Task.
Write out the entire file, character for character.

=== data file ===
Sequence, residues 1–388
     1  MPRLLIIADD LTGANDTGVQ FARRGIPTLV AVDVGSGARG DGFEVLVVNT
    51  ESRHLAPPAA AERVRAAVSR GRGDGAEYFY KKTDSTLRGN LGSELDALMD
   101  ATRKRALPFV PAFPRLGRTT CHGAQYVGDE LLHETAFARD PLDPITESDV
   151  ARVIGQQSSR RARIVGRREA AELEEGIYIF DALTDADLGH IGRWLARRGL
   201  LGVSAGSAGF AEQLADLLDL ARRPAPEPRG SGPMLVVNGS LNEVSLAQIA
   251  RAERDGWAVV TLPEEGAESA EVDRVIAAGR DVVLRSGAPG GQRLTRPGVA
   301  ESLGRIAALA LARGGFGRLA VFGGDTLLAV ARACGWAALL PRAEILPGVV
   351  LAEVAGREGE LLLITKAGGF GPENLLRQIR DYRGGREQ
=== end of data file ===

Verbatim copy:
Sequence, residues 1–388
     1  MPRLLIIADD LTGANDTGVQ FARRGIPTLV AVDVGSGARG DGFEVLVVNT
    51  ESRHLAPPAA AERVRAAVSR GRGDGAEYFY KKTDSTLRGN LGSELDALMD
   101  ATRKRALPFV PAFPRLGRTT CHGAQYVGDE LLHETAFARD PLDPITESDV
   151  ARVIGQQSSR RARIVGRREA AELEEGIYIF DALTDADLGH IGRWLARRGL
   201  LGVSAGSAGF AEQLADLLDL ARRPAPEPRG SGPMLVVNGS LNEVSLAQIA
   251  RAERDGWAVV TLPEEGAESA EVDRVIAAGR DVVLRSGAPG GQRLTRPGVA
   301  ESLGRIAALA LARGGFGRLA VFGGDTLLAV ARACGWAALL PRAEILPGVV
   351  LAEVAGREGE LLLITKAGGF GPENLLRQIR DYRGGREQ